BBSRC ON AGRICULTURE UK PERSPECTIVE
Global demand for food is rising, driven by factors such as population growth, increasing affluence and changing diets. At the same time, there is increasing competition for land and fresh water, putting added pressure on production and the wider environments within which food is produced. Climate change is also increasing the uncertainty of ensuring food supply, for example, through more extreme weather and increased pressure from pests and diseases. The global population is projected to grow from 7.3 billion in 2015 to 9.5 billion in 2050. At least 60% more food production is needed by 2050 to feed the world’s population and this must be in the context of minimising the impacts of agriculture on the environment. There is a need for more sustainable production of a sufficient, safe and nutritious food supply to deliver future food security.
Agriculture and food make a vital contribution to the UK’s prosperity. The agri-food sector employs 3.9 million people and contributes £110 billion Gross Value Added to the UK economy. There are clear opportunities for research to deliver significant improvements to the agri-food system and provide further economic benefit to the UK, through increased productivity, improved quality and safety, and increased trade and exports. Food is a global commodity, and in 2016 the total value of food and drink exports from the UK was over £20 billion.
BBSRC UK DELIVERY
BBSRC has a central role in supporting the research, capability and skills that are needed to address the challenges facing agriculture and food security. We are the UK’s largest public sector funder of AFS research and have invested over £1 billion over the last ten years. In 2015/16 alone the research spend totalled £124.9 million, representing 38% of our overall research investment. Just over half of our AFS research is delivered by strategically-funded institutes through a variety of competitive funding routes. The institutes provide globally-acclaimed critical national capability and expertise, and enable us to invest in long-term, mission-driven strategic research in the AFS area.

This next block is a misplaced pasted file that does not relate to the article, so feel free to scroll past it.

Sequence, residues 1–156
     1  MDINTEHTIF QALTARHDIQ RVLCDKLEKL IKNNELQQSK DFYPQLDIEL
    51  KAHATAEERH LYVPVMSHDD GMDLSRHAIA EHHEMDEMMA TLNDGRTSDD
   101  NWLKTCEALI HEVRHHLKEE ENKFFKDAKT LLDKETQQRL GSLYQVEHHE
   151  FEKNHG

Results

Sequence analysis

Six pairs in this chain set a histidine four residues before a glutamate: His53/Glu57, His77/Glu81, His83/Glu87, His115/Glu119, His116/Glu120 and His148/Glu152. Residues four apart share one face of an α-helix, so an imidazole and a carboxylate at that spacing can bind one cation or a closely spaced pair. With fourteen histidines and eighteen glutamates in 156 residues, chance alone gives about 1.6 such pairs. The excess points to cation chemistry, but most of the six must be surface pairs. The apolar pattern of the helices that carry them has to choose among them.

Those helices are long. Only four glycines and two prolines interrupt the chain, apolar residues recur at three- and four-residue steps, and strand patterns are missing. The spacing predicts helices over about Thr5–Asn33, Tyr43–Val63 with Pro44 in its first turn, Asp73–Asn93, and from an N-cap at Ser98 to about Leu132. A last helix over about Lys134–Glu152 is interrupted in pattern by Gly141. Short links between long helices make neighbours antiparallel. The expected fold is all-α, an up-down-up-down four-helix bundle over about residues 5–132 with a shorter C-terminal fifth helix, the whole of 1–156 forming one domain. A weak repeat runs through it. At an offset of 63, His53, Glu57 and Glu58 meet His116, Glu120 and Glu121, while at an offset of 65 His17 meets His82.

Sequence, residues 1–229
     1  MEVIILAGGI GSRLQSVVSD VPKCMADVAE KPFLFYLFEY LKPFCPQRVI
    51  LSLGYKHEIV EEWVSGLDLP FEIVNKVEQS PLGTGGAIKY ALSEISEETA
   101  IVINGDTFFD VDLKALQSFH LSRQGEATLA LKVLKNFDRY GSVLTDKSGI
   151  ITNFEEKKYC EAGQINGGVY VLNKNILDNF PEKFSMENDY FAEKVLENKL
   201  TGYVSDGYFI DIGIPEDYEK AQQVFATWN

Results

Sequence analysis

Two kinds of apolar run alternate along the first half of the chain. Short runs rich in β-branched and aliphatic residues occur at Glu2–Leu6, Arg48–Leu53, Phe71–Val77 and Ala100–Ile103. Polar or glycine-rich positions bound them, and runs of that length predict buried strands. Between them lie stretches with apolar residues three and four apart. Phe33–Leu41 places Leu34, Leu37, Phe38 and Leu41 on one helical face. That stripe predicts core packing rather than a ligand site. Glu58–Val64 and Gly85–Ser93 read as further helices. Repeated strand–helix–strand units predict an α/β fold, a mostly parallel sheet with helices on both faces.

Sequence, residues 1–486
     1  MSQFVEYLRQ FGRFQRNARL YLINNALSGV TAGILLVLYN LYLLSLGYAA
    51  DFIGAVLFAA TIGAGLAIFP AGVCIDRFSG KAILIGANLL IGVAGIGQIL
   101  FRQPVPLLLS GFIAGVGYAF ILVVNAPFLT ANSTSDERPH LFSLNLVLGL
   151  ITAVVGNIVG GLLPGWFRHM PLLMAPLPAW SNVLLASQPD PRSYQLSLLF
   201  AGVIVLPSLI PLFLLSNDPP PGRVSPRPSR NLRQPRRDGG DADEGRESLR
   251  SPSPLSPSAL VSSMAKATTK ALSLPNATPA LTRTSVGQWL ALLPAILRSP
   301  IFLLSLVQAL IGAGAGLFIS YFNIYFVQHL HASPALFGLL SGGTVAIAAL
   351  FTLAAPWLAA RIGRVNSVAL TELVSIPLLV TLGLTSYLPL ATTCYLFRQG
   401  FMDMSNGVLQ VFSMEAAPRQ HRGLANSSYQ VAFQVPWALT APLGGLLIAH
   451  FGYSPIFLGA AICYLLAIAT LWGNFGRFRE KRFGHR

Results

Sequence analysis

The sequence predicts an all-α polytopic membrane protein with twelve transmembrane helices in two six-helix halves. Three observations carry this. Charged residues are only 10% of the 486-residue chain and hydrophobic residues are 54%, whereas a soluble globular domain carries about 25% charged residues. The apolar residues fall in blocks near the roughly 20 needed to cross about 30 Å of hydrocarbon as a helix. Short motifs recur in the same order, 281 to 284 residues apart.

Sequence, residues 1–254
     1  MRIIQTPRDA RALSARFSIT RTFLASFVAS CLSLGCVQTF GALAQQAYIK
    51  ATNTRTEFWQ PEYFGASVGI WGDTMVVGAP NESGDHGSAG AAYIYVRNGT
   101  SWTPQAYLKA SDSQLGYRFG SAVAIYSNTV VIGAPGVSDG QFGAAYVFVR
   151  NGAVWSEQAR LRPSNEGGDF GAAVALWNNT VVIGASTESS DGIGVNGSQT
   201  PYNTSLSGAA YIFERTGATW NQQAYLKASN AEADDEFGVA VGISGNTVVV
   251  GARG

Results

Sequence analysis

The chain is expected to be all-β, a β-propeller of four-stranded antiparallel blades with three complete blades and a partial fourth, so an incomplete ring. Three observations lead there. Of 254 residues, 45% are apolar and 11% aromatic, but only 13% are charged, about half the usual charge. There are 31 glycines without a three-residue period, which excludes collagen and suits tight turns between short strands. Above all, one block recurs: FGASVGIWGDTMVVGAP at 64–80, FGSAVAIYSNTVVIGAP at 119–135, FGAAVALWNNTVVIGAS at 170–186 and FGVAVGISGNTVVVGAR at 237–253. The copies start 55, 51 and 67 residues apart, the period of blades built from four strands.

BBSRC investments in AFS research also link closely to our other strategic priorities. For example, non-food crops are an important component of Industrial Biotechnology and Bioenergy. Understanding human nutrition, and livestock and zoonotic disease are important components of Bioscience for Health, highlighted in our Bioscience for Health Strategic Research Framework and the BBSRC Research in Food, Nutrition and Health Strategic Framework. Data handling and novel technologies are key components of the cross-cutting Exploiting New Ways of Working enabling theme.
The latest frontier bioscience provides an opportunity to tackle some of the long-term research challenges that have potential to produce a step change in agriculture and food security. we are encouraging a whole food-systems approach to explore these opportunities, building on the UK’s excellent plant, animal, human and microbial sciences research base.
IN WORLD FARMING: The Extinction & Livestock Conference, organised by CiWF in partnership with World Wildlife Fund (WWF), was the world’s first ever conference to explore the impact of livestock production on animals, people and the
planet. It attracted more than 500 people from 30 different countries who heard from many world leading experts on the environment, conservation, food policy, animal welfare and human health.
The key message to come out of the conference was that in order to safeguard the future of life on Earth we must all eat less and better meat (such as free-range, organic or pasture-fed) as well as more plants.
- Fish farming is not an efficient method of producing
protein, but could the use of maggots and other insect derived
feed be produced in sufficient quantity to make up for the
loss of wild fish?
Could this then plug the gap that will be left as land for
agriculture is depleted of its crop growing ability?
Rome, Italy, 29 Sept to 10 Oct 1997
Buenos Aires, Argentina, 21 Sept to 2 Oct 2009
Dakar, Senegal, 30 Nov to 11 Dec 1998
Changwon, South Korea, 10 to 20 Oct 2011
Recife, Brazil, 15 to 26 Nov 1999
Windhoek, Namibia, 16 to 27 Sept 2013
Bonn, Germany, 11 to 22 Dec 2000
Ankara, Turkey, 12 to 23 Oct 2015
Geneva, Switzerland, 1 to 12 Oct 2001
Ordos City, China, 6 to 16 Sept 2017
Havana, Cuba, 25 August to 5 Sept 2003
New Delhi, India, 2 to 13 Sept 2019
Nairobi, Kenya, 17 to 28 Oct 2005
Madrid, Spain, 3 to 14 Sept 2007